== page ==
Policy on Intellectual Properties

Policy Memorandum No. 73

Recommended by the Commission on Research
Approved by University Council: November 17, 1986
Approved by the President: November 17, 1986
Approved by Board of Visitors: December 5, 1986
Effective: Immediately

The Board of Visitors in December approved a new Policy on Intellectual Property, bringing together the University's previously separate policies on patents and copyrights into a consistent, single policy. The University's original policies on patents and copyrights had been developed independently, at different points in time, and under different circumstances. Further, the General Assembly of Virginia enacted legislation providing for the development of broad guidelines regarding the management and disposition of intellectual properties at institutions of higher education in Virginia, giving further impetus to the development of this new policy. Before going to the Board for approval, the policy had been reviewed and approved by the Faculty Senate, as well as the Commission on Research and the University Council.

The new policy establishes a University Committee on Intellectual Property with two subcommittees, a subcommittee on patents and a subcommittee on copyrights. The subcommittees will replace the University Committee on Patents and the University Committee on Copyrights, respectively. Steps already have been taken toward appointment of the new Committee.

The policy spells out the authority and responsibilities of each subcommittee, as well as procedures and policy on handling of discoveries, inventions, and copyrightable material.

The full policy will be listed in Appendix C-1 of PROPOSAL PREPARATION AND PROGRAM MANAGEMENT produced by Sponsored Programs. The policy will also be available in the next edition of the FACULTY HANDBOOK. In addition to being listed here, it is also available for review in deans' offices and department offices.

Policy On Intellectual Property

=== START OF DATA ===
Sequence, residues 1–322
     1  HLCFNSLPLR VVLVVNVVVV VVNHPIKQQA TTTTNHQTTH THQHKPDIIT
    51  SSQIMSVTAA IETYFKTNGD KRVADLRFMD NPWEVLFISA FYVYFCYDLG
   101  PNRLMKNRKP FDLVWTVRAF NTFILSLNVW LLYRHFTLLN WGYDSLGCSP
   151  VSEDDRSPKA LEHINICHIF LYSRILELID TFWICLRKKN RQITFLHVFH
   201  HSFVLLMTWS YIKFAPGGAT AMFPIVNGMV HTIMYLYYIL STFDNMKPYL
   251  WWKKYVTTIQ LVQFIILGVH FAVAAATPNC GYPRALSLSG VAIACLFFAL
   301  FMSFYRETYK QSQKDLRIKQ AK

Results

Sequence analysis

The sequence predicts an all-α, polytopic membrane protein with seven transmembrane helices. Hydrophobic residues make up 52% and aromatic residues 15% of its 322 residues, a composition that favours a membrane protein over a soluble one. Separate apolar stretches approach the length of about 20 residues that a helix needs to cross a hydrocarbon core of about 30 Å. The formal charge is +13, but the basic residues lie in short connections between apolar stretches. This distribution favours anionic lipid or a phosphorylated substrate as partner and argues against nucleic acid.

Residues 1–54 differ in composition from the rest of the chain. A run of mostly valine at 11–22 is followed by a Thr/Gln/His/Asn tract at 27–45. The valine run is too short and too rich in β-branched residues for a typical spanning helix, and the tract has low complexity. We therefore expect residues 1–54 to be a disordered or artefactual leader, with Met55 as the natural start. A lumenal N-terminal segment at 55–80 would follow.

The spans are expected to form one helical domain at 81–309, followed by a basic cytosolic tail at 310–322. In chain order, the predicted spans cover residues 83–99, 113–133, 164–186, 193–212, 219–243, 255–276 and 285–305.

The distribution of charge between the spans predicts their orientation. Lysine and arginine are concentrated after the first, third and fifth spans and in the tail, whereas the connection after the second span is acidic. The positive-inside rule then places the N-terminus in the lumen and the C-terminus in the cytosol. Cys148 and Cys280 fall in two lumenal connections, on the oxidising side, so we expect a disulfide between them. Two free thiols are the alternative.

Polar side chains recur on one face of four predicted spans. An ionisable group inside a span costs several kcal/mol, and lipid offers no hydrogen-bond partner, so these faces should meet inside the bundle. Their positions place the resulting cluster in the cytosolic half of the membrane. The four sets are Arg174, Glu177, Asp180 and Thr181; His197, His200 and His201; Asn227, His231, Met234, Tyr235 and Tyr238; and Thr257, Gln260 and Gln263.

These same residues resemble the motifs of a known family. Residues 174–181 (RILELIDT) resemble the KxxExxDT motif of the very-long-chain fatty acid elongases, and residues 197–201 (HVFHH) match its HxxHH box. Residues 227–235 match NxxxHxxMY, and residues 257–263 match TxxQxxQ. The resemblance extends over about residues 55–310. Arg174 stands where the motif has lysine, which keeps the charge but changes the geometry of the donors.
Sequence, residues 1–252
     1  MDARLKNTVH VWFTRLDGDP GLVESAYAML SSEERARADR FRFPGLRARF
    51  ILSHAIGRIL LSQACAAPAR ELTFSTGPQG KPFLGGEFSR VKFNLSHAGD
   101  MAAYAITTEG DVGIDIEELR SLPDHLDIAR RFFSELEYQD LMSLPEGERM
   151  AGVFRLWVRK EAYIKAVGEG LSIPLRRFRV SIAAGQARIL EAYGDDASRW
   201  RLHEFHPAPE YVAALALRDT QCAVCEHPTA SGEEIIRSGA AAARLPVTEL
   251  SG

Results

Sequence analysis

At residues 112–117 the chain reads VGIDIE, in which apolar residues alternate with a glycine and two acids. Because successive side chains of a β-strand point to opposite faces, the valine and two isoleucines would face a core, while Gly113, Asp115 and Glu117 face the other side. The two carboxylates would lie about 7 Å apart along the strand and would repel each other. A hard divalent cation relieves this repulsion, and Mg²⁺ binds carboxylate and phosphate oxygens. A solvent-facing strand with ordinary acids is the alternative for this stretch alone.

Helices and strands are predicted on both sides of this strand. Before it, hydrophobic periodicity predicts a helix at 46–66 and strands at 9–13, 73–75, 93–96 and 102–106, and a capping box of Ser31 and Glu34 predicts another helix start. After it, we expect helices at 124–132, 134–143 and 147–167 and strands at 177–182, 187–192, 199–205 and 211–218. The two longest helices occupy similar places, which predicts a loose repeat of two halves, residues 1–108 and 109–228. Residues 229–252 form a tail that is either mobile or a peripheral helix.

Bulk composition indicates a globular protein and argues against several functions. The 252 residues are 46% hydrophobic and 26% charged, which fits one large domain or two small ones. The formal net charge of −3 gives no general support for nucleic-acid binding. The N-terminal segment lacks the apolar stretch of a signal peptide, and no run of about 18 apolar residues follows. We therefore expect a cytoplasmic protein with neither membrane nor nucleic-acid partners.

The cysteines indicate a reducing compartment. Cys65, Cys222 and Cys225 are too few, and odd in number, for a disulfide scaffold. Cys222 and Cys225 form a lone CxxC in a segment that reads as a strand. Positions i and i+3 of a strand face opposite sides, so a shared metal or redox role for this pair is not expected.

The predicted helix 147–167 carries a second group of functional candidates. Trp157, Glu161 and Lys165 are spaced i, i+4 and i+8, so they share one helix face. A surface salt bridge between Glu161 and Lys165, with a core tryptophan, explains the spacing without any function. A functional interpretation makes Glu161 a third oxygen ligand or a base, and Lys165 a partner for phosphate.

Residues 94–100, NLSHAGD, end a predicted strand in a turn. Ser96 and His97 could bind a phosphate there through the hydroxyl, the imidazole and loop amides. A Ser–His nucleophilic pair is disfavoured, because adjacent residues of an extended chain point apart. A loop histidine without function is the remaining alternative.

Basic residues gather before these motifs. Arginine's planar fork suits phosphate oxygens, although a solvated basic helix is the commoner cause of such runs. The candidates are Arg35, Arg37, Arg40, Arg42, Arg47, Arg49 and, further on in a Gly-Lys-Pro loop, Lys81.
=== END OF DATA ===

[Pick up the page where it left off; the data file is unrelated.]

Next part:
The results of scholarly activities may take many forms, including research papers, books, inventions, computer software, musical scores, articles for magazines and journals, and new technologies. At one time or another, these intellectual properties may have value for the owner(s) and should be protected under the appropriate patent or copyright laws.

This policy is designed to: (1) protect the equities of the authors and the inventors, as well as the University, (2) define the responsibilities, rights and privileges of those involved, and (3) establish basic guidelines to be included in the administration of this policy.

I. ORGANIZATION

The University Committee on Intellectual Property is responsible for making policy recommendations to the Provost for dealing with patents, copyrights, and related mechanism for the protection/exploitation of intellectual properties. The Vice Provost for Research and Graduate Studies shall serve as chairman of the Committee.

Two subcommittees shall be organized under the Committee on Intellectual Property. One subcommittee shall be responsible for various matters concerning university-originated inventions and new technology. The other subcommittee shall be responsible for matters relating to copyrightable materials. The full University Committee on Intellectual Property shall be comprised of the subcommittee members and the ex-officio members listed below.

Each subcommittee shall be composed of six faculty members, having experience with patent or copyright matters, depending on the subcommittee appointment. The Subcommittee on Patents shall be chaired by the Associate Provost for Research. The Subcommittee on Copyrights shall be chaired by the Dean of the Graduate School. A Vice President or his/her designee, the University's General Counsel or designee, and the University's Intellectual Property Officer shall serve as ex-officio members of the Committee and shall sit on both Subcommittees.

The President shall receive faculty nominations from the Faculty Senate and shall make all appointments. All terms are for three years. Members may be reappointed.

II. AUTHORITY AND RESPONSIBILITY OF THE COMMITTEE

The Committee on Intellectual Property is composed of the members of both Subcommittees, the ex-officio members, and the Chair. The Committee shall have the following authority and responsibility with respect to intellectual property.

  1. To develop and recommend University policy dealing with intellectual property;

  2. To hear and make recommendations to the Provost on disputed ownership of discoveries, inventions and copyrightable materials;

  3. To hear and make recommendations to the Provost on disputed equities of the University, the inventors or authors and other parties associated with the intellectual property concerned;